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Even the Social Security Administration… has medical evidence standards they must follow.
42 USC 423 "In making any determination the Commissioner of Social Security shall make every reasonable effort to obtain from the individual's treating physician (or other treating health care provider) all medical evidence, including diagnostic tests, necessary in order to properly make such determination, prior to evaluating medical evidence obtained from any other source on a consultative basis."
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State court judges in awarding a veterans' VA disability compensation as 'income' in a divorce, show an indifference to veterans' and their serious medical needs. The deliberate intrusion by state courts into federal issues and laws, ruling arbitrarily by awarding VA disability compensation to a third party is unwarranted. They are required to obtain advisory medical opinion from medical experts, just as required by the Board of Veterans' Appeals (BVA), and as well, as in all other civil litigation.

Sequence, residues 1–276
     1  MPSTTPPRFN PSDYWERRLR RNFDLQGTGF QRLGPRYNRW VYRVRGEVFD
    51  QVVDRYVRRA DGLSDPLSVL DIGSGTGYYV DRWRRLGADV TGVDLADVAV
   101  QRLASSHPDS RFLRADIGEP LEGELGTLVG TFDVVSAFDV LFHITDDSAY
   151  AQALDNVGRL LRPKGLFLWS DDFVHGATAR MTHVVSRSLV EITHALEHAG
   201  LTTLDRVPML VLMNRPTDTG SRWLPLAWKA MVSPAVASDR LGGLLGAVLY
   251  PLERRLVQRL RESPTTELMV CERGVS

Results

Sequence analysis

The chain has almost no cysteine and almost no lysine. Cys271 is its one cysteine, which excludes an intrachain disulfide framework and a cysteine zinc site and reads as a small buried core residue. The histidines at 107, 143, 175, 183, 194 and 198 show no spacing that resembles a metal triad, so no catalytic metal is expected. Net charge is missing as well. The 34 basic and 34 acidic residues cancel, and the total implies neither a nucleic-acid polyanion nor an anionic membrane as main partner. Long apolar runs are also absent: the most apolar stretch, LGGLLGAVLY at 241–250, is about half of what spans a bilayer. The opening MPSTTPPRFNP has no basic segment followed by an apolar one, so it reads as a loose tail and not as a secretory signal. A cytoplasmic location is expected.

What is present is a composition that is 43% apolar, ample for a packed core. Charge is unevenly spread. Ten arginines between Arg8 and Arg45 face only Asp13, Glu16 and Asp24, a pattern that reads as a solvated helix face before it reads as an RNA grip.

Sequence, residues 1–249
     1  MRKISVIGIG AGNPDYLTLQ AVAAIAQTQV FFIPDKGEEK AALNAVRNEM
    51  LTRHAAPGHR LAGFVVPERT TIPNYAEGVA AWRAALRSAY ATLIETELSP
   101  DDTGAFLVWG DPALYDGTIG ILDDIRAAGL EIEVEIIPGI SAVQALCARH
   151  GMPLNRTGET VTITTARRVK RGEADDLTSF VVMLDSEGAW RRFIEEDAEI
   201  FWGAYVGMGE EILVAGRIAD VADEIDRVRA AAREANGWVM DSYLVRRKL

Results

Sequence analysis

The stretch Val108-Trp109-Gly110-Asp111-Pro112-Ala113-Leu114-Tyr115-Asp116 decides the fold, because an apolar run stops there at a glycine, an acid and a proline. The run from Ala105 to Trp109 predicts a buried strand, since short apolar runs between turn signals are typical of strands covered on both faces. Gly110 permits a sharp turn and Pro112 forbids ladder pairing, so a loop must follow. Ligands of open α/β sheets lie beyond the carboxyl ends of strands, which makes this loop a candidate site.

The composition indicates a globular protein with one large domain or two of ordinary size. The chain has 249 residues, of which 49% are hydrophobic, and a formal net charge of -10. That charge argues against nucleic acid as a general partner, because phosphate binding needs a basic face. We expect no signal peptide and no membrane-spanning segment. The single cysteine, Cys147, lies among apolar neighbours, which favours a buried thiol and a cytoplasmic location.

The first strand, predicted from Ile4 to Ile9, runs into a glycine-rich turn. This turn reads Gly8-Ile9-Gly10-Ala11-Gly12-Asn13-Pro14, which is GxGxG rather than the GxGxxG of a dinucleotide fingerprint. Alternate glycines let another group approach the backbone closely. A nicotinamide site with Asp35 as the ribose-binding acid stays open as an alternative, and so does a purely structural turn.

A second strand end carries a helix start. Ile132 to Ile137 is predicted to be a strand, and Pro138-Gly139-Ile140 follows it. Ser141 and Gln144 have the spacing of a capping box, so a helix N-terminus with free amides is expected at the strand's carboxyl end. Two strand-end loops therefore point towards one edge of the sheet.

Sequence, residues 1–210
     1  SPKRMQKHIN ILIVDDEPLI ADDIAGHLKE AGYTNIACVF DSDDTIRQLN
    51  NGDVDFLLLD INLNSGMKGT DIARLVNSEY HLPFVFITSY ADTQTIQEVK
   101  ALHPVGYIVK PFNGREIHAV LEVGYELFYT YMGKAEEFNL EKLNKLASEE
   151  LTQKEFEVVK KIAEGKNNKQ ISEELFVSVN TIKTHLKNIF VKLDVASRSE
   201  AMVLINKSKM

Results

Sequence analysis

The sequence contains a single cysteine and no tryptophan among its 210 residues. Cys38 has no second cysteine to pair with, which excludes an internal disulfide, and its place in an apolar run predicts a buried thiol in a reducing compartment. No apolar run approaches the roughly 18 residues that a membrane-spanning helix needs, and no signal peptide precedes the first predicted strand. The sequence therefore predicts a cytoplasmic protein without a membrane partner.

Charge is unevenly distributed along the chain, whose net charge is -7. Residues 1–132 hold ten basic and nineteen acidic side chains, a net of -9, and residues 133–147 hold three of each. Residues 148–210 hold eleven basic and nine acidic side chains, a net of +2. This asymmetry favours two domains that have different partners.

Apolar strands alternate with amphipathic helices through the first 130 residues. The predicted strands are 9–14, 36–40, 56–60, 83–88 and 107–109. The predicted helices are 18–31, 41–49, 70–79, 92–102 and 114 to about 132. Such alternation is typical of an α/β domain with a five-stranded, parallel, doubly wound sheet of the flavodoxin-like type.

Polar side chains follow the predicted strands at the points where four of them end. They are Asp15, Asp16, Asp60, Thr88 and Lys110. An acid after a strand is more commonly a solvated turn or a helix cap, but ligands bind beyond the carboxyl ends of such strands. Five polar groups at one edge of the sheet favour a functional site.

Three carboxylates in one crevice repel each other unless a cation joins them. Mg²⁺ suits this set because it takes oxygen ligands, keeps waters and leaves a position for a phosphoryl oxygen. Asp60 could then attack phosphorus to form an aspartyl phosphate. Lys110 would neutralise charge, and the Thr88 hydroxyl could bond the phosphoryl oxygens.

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Judges, rule arbitrarily that they have the right to award VA disability compensation to third parties. The right to play doctor. Because of this, these judges have taken on the responsibilities of a medical doctor, and ruled as a doctor. Contrary to the veteran's reliance on 38 USC 5301, and because of the disability of the veteran, they have, by their judicial proceedings determined the disabled veteran is incapable of caring for his or her own interests. Due to a veterans' disability, and their authority as judge in ruling, awarding of VA disability compensation to third parties. The reality is, the state court judge has taken on another responsibility, and became the veterans' legal guardian, his "ward". Another disabled veterans' right, that of being able handle his or her own rehabilitation now has been taken away .